In Summary

The issue: Curbing crime
Our view: Rebuild police as a civilian force, disengage it from partisan political action to regain public trust and re-create its special branch.

Uganda is caught in the throes of a security mystery. It manifests in assassinations of high-profile government, security and religious officials, emergence of urban criminal gangs and increased gun violence.

At least a dozen Muslim clerics, one top State prosecutor, a UPDF Major, one Member of Parliament and two senior police officers have been brutally gunned down in metropolitan Kampala and major towns since 2012.

The killings bear the hallmark of trained assassins. The method, timing and clinical executions have similarities - so striking and more frightening to hapless citizens. It is eroding public confidence in government. Victims are trailed, targeted and shot dead either at gates of their places of abode or inside cars. Assailants flee on motorcycles.

Some 4473 people were murdered in Uganda in 2017 alone, 158 higher than 2016 figures, according to Uganda annual crime report released on July 18, this year. The government’s buzzword: We’ll hunt down the killers to face justice. Some suspects have been arrested. Others tried. But there is no end in sight for these surreal and macabre murders.

We acknowledge that President Museveni, as the Commander-In-Chief, unveiled a 10-point master security plan. He also announced military guards for MPs and, on Sunday, said the government is drafting 24,000 reservists. Most of these will be drawn from Local Defence Unit personnel and crime preventers.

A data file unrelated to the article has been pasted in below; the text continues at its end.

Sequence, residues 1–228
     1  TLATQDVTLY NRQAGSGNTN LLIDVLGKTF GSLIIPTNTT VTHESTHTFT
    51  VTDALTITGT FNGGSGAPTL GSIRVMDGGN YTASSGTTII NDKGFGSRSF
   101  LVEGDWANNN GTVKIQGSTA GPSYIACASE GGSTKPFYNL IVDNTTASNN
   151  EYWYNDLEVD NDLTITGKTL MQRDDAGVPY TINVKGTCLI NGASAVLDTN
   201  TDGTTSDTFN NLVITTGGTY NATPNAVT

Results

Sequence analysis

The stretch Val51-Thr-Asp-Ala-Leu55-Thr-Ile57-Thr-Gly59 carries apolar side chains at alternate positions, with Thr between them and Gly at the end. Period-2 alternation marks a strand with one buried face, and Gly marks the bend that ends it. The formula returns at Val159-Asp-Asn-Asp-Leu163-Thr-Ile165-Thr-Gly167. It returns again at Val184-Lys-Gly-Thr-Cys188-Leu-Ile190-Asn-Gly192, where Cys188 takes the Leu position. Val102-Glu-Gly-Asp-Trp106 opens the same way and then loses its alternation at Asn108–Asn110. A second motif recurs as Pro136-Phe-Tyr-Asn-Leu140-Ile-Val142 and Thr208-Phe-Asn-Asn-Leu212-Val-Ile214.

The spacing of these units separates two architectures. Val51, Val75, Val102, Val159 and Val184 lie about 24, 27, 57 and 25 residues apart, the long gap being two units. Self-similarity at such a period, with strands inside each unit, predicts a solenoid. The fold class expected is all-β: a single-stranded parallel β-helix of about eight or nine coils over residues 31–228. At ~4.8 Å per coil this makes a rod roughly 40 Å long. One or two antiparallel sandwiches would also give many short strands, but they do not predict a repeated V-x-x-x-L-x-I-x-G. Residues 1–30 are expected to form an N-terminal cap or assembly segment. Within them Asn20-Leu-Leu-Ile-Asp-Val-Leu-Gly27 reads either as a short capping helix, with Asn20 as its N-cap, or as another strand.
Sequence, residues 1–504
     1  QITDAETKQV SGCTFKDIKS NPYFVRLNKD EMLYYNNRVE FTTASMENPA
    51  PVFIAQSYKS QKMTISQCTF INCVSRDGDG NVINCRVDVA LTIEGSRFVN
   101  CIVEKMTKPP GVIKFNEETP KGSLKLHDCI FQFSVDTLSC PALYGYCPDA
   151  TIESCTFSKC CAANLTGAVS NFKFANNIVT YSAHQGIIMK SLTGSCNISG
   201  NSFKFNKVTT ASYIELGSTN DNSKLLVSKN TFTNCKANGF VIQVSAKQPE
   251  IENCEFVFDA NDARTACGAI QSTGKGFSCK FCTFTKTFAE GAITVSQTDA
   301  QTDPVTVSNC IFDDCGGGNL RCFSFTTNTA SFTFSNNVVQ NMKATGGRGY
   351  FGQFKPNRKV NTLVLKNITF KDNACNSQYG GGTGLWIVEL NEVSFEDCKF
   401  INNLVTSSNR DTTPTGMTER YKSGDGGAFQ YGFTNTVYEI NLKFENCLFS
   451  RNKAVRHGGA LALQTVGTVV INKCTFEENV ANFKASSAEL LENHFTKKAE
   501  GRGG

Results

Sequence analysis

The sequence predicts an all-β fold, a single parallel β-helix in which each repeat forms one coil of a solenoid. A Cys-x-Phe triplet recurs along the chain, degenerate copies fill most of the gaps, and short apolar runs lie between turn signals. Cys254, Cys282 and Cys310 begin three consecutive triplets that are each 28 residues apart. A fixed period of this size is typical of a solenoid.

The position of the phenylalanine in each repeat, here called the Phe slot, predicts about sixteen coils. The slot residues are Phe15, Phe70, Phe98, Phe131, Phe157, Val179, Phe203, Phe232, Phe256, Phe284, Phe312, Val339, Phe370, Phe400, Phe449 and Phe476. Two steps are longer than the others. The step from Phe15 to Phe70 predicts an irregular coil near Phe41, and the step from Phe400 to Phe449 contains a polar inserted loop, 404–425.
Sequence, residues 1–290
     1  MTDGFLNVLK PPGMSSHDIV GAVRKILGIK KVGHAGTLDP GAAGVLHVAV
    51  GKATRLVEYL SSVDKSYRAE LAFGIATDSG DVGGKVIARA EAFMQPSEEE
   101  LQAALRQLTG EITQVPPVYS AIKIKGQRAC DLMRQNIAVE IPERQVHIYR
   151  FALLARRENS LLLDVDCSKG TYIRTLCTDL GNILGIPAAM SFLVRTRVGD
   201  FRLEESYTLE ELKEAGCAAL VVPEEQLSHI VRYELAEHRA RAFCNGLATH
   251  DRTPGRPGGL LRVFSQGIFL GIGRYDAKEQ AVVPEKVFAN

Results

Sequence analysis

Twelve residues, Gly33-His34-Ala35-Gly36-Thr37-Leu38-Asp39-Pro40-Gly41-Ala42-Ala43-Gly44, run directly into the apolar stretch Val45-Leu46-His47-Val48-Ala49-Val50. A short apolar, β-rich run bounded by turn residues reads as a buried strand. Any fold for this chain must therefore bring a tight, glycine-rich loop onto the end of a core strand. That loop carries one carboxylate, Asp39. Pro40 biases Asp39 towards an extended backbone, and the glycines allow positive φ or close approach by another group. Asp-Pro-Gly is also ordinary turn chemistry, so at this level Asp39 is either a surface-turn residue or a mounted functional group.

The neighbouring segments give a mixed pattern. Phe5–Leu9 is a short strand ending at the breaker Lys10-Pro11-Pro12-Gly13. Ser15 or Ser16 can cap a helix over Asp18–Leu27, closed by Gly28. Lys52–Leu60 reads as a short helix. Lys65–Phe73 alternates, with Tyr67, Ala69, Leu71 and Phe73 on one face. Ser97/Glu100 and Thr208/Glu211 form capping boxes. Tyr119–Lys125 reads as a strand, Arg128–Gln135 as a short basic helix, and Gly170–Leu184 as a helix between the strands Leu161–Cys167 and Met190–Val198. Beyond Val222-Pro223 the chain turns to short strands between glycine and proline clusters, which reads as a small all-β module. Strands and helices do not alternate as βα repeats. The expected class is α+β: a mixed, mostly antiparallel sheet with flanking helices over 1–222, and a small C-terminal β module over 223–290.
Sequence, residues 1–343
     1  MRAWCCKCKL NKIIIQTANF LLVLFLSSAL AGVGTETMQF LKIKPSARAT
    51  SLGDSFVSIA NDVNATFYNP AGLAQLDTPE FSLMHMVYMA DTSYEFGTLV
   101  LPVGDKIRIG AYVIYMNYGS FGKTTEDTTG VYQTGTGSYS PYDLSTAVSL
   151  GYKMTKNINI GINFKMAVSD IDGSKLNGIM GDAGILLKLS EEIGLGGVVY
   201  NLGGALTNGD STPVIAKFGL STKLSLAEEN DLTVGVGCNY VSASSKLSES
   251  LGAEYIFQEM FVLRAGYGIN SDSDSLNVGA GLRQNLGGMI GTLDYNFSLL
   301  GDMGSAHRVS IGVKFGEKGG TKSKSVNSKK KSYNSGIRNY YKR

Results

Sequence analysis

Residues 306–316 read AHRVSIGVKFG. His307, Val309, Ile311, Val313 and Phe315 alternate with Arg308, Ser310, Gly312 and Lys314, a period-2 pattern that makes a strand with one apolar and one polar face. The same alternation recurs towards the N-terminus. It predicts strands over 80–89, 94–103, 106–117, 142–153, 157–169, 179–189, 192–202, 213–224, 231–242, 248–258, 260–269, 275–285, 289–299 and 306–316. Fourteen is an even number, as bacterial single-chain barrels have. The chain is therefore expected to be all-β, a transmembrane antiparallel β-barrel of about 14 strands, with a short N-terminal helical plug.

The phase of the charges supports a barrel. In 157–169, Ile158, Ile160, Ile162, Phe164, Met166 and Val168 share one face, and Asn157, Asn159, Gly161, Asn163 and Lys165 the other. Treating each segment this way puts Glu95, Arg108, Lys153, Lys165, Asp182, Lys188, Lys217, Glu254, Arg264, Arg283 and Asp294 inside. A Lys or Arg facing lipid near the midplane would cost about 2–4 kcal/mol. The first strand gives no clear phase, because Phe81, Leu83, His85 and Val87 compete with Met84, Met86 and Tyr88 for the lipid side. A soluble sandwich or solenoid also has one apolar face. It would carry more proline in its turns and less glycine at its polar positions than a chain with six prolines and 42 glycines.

It is our position that many of the solutions are knee-jerk, reactionary and not proactive. Concentrating guns and reservists, some likely to be of dubious character, in a congested city will incubate, if not exacerbate, the gun violence problem. It also treats a symptom, not cause of the crime wave.

Here are our proposed options: Urgently audit manpower and guns in all security and covert outfits and re-vet operatives for retention, redeployment, re-training and or retrenchment. Restructure State security agencies through mergers to eliminate toxic rivalry, infiltration, intrigue and wastage.

Invest in specialised training, provide hi-tech capabilities and enforce intelligence-led security operations. Rebuild police as a civilian force, disengage it from partisan political action to regain public trust and re-create its special branch to gather reliable intelligence to guide law and order decisions. Restructure political governance and resolve economic headwinds undergirding citizens’ opprobrium. Install and integrate operations of surveillance cameras systems of state and private institutions, including homes, under state-monitored central command.

Create specialised multi-skill mobile security unit with rapid response capability. These should comprise commandos, snipers, scene of crime officers and super-trained intelligence officers focused on hot-spot policing. Integrate bio-data of citizens held by motley state institution and deploy facial recognition technology to rapidly appraise CCTV-captured images. Conduct intelligence-led sting operations to recover illicit weapons.